Modest man of many talents
You do not envy Anthony Seldon's personal assistant at Wellington college.
Dr Seldon, who took over as headmaster of the pound;22,995-a-year private school in Berkshire this week, has a justified reputation as one of the hardest-working figures in education.
In eight years at Brighton college he transformed it from a coasting school into what is considered the best on the south coast. Not content with this, he forged groundbreaking links with local state comprehensives, established a business forum in the city to promote trade and ran a major education conference, attracting government ministers and leading academics to address the college.
Dr Seldon also found time to write or edit 12 books, including the most authoritative biography of Tony Blair, teach GCSE history and even direct the school play.
Debbie Batenburg, his PA at Brighton college, said: "He is extremely busy but the school and the people within it always came first. He knew the names and achievements of every pupil - whether it was an academic, sporting or artistic endeavour.
"When results day came, he would spend the night before committing the achievements of each child to memory and personally congratulating as many as he could."
Dr Seldon was known at Brighton for inviting every pupil to share lunch with him at least once a year and even dropping in on school trips, no matter where in the world.
Claire Cook, the England women's cricket captain, and an English teacher at Brighton, said: "The school goes on the most amazing range of trips, from Sri Lanka to Zimbabwe, and he will make a point of flying over, often just to take the boys and girls out for a day.
"When we won the Ashes in the summer (England's women matched their male counterparts by beating Australia last year) Anthony texted me from the Amazon to congratulate me. That's just typical of him, always thinking of others."
Dr Seldon's manner - a softly-spoken, almost shy man, and painfully modest about his immense achievements - belies one of the most progressive minds in the independent sector.
Educated at Worcester college, Oxford and the London School of Economics, Dr Seldon has not been afraid to stir things up among his fellow private heads in the Headmasters' and Headmistresses' Conference (HMC), accusing them of being too inward looking, failing to champion themselves or lead the national education debate.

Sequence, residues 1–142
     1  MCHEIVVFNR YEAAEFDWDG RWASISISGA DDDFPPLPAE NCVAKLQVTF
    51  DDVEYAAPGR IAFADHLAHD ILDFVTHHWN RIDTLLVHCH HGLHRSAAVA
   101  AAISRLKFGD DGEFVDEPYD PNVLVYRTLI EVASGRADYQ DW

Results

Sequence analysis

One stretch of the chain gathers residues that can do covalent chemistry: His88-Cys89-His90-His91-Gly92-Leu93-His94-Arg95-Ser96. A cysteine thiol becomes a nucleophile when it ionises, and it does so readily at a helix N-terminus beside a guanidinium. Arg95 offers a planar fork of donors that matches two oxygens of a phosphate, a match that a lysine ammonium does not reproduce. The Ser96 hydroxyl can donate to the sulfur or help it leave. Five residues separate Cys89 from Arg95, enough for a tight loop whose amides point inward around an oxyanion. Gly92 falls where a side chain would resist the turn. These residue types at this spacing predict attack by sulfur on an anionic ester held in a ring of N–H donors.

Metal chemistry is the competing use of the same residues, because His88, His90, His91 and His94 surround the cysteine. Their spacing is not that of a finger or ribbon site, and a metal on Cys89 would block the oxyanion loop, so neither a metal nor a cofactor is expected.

His appetite for reform is already being felt at Wellington, where he was instrumental in the decision to admit girls for the first time at all ages from September 2006 before officially taking up his post. He also intends to introduce the international baccalaureate.
Dr Seldon has organised four conferences within the first six months at the school. Unlike the conferences he ran at Brighton, which will continue, these will be on single issues, such as the teaching of Mandarin, future of independentstate school partnerships, handling cannabis use and co-education.
However, the challenge of leading Wellington will be no less taxing than that at Brighton. The school has had more than its fair share of negative headlines in recent years with reports of bullying and drug-taking.
But Dr Seldon, who started his career as a teacher in 1983 at Whitgift school, Croydon, rising through the ranks at Tonbridge school, Kent, and St Dunstan's college, Catford, insists the time is right for a change.
"I have done all I can do at Brighton, I have made my contribution but I had nothing fresh to offer them," says Dr Seldon. "How can I fail to be excited about the prospect of leading a school like Wellington? It is one of Britain's and the world's greatest schools. It is the national monument to Britain's best known general and it is a school with new chapters just waiting to be written about it."
The literary analogy is not surprising from someone who has attracted as much fame as a published author as a headteacher. His latest book, the 768-page biography of the Prime Minister, involved more than 400 interviews, most face-to-face. But Brighton college was never far from his thoughts. He employed a team of five former pupils to help him with research and donated all royalties from his books to the college or to charity.
"When I was writing the Blair book, it was the hardest I have ever worked in my life. It was 12 weeks, seven days a week, for 14 hours," he says. "I have got a clear conscience about my writing, I am doing my job and not benefiting financially."
However much time he devotes to extra-curricular activities at Wellington, one suspects the achievements of boys (and from September, girls) will always be his number-one priority.
FOR THE SONS OF HEROES
Wellington College, whose motto is 'Heroum filii' (sons of heroes), was established in 1859 as a national memorial to the Iron Duke. For more than 150 years it has been seen as the private school with the closest links to the Army.
Membership of the Combined Cadet Force is compulsory for all pupils for a year. But it has recently attracted headlines for distinctly ungallant behaviour by some pupils.
In 2003, a tabloid exposed a lurid tale of sixth-formers: "drunken, booze-fuelled romps" while staff thought they were studying. It was also revealed that two prefects set up an unsuspecting schoolgirl to be videoed having sex.
Since then there has been the alleged rape of a girl by a 15-year-old pupil and seven girls from a nearby school being taken to hospital after allegedly having their drinks "spiked" at a Wellington disco.
Particularly damaging last April is news that police are investigated alleged bullying at the school, which lists pop star Will Young, impressionist Rory Bremner and TV presenter Peter Snow among its old boys.
But Anthony Seldon, the 13th head of the school, in Crowthorne, Berkshire, is a skilled journalist in his own right and will certainly not be intimidated by the media glare.